Storing Your Media Content

In Uncategorizedby tfwm

In today’s digital age, there are several means of storing video and audio files. Options such as and allow individuals to share video of any kind. But how is that video being stored?

Consumers, businesses and church media ministries face the same challenge each day: “I have five or six videos that need to be stored on my computer for retrieval later. What are my options?” Guess what? Using traditional methods, a regular computer, is the only choice most users think they have. Computers built today will typically only incorporate a single hard drive with maximum storage of 500 GB.

With the advent of the camcorder, everyone thinks they’re a videographer. They make home movies, film special events, capture vacations and church functions, and they want to share all of it with friends and family. However, one problem exists; where do you store all of this video?

The typical hard drive has two partitions, one for applications and one for documents and files. Unfortunately, the typical computer does not always work. However, we now have options.

Prior to Microsoft Vista, Microsoft developed another operating system called Media Center Entertainment or MCE for short. From this software, Media Center PC’s were developed. These computers were built with the consumer in mind. Multiple hard drives with multiple partitions; at least 1 GB of RAM and RAID on board, and the ability to handle the typical amount of video the average media ministry will create and store in a year.

The majority of MCE media servers built today are designed for home use. However, because of their construction, the units are capable of storing video for the discriminate videographer. Companies such as Stack 9 Systems, Inteset, and Niveus Systems have designed storage server systems that are capable of operating as media servers.

One thing we must keep in mind is the actual application and functionality of a unit needed for a media ministry: content storage and content management. The average media ministry capturing video footage has three services a week. This equates to 156 services a year, not including special events. The church I attend averages five services a week. This equates to 260 services a year. Each service is recorded and the video must be stored somewhere, on something for easy retrieval.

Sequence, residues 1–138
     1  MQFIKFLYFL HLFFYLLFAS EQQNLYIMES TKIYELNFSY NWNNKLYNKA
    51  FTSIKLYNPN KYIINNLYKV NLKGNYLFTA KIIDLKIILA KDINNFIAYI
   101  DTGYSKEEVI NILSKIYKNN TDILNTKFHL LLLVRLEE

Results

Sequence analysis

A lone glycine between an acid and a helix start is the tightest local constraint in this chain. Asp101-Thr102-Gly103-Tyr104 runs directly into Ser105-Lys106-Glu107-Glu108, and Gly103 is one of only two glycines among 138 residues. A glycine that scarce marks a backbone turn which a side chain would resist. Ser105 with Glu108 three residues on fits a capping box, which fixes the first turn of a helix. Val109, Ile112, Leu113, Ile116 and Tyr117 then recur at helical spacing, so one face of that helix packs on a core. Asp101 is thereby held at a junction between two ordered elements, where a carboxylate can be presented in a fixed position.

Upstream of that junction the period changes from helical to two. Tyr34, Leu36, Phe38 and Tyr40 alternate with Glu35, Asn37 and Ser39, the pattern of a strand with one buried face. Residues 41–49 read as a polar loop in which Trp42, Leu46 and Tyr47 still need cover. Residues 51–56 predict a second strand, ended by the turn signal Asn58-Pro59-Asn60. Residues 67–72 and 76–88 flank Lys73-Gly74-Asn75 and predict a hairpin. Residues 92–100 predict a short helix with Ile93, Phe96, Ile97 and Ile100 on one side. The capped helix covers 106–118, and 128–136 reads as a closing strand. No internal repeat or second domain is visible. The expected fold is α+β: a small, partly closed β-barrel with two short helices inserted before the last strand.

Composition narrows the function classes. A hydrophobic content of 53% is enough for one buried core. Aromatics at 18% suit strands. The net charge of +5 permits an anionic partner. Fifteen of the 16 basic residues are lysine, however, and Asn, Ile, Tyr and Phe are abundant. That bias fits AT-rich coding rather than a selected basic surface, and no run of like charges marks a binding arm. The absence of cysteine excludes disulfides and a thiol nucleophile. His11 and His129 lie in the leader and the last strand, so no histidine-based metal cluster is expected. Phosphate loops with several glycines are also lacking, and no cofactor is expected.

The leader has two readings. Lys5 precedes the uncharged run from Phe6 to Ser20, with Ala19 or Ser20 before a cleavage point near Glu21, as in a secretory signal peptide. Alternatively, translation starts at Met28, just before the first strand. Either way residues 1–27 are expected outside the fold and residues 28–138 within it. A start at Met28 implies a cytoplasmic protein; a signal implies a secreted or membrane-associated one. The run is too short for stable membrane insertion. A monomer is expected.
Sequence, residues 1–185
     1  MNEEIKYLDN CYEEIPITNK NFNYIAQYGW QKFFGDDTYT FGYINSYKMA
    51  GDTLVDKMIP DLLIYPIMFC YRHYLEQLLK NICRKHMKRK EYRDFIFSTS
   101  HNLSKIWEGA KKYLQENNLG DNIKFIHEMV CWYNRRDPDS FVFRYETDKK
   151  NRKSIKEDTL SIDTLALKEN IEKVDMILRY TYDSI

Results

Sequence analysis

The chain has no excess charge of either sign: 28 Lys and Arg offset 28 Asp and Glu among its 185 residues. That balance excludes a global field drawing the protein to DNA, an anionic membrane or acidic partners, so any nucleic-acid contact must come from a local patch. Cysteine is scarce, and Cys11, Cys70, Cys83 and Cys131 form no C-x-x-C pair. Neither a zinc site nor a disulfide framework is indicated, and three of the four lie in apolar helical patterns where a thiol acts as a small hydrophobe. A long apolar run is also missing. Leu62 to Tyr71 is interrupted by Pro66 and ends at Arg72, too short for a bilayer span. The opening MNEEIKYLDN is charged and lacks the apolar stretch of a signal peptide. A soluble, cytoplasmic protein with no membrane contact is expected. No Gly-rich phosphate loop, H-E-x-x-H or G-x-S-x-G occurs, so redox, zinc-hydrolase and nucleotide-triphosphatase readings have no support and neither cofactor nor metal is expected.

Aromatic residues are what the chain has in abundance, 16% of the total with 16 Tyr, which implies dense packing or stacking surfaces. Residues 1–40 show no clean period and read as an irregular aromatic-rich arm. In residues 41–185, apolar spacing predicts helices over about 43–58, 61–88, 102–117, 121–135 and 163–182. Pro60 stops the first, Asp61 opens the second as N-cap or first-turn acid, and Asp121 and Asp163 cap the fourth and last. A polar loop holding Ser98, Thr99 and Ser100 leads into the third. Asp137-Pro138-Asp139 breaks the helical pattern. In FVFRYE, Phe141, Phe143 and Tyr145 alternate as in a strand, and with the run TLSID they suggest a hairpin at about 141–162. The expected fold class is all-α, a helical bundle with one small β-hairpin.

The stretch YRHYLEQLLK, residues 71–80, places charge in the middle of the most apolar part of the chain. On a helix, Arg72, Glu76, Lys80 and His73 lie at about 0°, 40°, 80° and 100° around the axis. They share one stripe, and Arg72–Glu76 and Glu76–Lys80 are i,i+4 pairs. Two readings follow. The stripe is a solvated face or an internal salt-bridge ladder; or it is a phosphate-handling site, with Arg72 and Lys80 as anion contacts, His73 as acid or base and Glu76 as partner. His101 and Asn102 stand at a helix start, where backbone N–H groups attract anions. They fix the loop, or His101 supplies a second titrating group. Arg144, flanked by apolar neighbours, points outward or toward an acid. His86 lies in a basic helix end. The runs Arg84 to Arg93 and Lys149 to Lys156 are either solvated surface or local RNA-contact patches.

Although the companies mentioned above produce units capable of being used as media servers, they mainly produce products for the home environment.

Media ministries that are ready to use a media server to host all of the audio and video content must consider the following: INVEST! Many churches want to take a shortcut in purchasing the least expensive computer available. Minimizing cost and maximizing output does not always work. This works in the short term, but when you approach week 49 and you need access to information from week five, how accessible is the media? Is it stored on DVD? VHS? Multiple external hard drives? Or, is it stored on several local computers throughout the church?

One option to consider is building a server to house all of your media content. This investment enables the media ministry to not only be able to retrieve its own content for editing, but also stream content onto the Internet. I am a huge proponent of streaming, however not all ministries are ready to stream. Regardless of streaming; the media must be stored, maintained and easily accessible.

Mainstream companies such as HP, Compaq, and Dell are able to build servers to house media content. When venturing into this area, working with an Intel Product Dealer (IPD) is best. Computer companies with this distinction are able to come into your church, discuss your needs and build a server with the proper applications.

Another option is storing your video content on external hard drives. Companies such as LaCie, G-Tech, Medéa (recently purchased by Avid), Seagate, Western Digital, and Maxtor, offer drives with RAID technology and hot swappable drive bays to allow faster transfer rate of data. These external storage devices allow users to store, edit, and retrieve their content directly from each unit. The first three, G-Tech, LaCie, and Medéa are considered industry leaders in the media storage market for the video professional. Each company offers units with some type of fail-safe software which ensures no loss of data or data rate in the event of disk failure.

There are many factors to consider when deciding what hardware and software is best to accomplish the needs of your church. Whether you build a media server or use external hard drives to store your media, this will always be a tough decision. Before making a decision, always consider the needs of your ministry and your long-range goals.